Since you have been buying "hand-tossed" style pizzas from Pizza Hut, they (Pizza Hut) would not be using a rolling pin. The dough balls are opened up and formed and stretched into skins entirely by hand. The problem with using a rolling pin is that it forces out most of the gases in the dough and will usually bake up with a flat and dense crust with poor oven spring. Also, if you roll the dough right out to the edge (to 14" in your case), you won't get a proper rim and the oven spring will be minimal. The only way to overcome this problem is to learn how to open up dough balls and form and stretch skins by hand. To make this exercise easier, I wouldn't let the dough balls temper for several hours after removing them from the refrigerator, as you apparently have been doing. That can make the dough balls much more extensible and hard to get a uniform skin thickness. I would cut the temper time down to about an hour or so.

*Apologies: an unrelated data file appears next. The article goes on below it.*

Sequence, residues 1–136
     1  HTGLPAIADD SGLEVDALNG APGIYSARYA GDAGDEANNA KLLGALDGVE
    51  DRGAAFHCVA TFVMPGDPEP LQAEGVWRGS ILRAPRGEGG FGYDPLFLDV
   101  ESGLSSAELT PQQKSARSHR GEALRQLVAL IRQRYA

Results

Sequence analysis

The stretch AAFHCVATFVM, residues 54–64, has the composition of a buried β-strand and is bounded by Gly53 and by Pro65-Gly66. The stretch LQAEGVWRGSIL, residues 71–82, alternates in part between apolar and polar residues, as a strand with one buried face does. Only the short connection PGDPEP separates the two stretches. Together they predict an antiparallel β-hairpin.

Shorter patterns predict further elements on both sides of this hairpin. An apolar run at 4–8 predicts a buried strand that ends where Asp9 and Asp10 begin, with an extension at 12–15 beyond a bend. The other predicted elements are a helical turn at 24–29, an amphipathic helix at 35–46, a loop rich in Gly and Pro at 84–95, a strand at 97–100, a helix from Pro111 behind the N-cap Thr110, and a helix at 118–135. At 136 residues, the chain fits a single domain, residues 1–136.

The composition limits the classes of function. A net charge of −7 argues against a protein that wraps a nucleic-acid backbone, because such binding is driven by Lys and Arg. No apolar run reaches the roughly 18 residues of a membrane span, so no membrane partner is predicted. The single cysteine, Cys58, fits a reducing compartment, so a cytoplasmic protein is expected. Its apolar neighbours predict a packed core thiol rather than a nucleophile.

Docking is not done right on the screen because that can cause the dough to be forced into the openings of the screen and get stuck to it. Docking is done on the work surface. Once the docked skin is formed to the correct size, it is lifted from the work surface onto the screen and dressed with the sauce, cheese and toppings.
The dough formulation you have been using has plenty of sugar in it so you should be able to get plenty of crust color. Pizza Hut uses a conveyor oven with a lot of top heat to produce good crust browning so adjustments may have to be made when using a home oven, such as lifting the pizza off of the screen toward the end of the bake onto the top oven rack position, where it can get more top heat to yield more top crust color. I don't have a gas oven, so there may be other kinds of adjustments to get the same results in your oven as I do in mine.
It sounds to me that what you need most to do at this point is to develop your dough handling skills and to learn how best to use your particular oven. We all go through this when learning to make pizzas.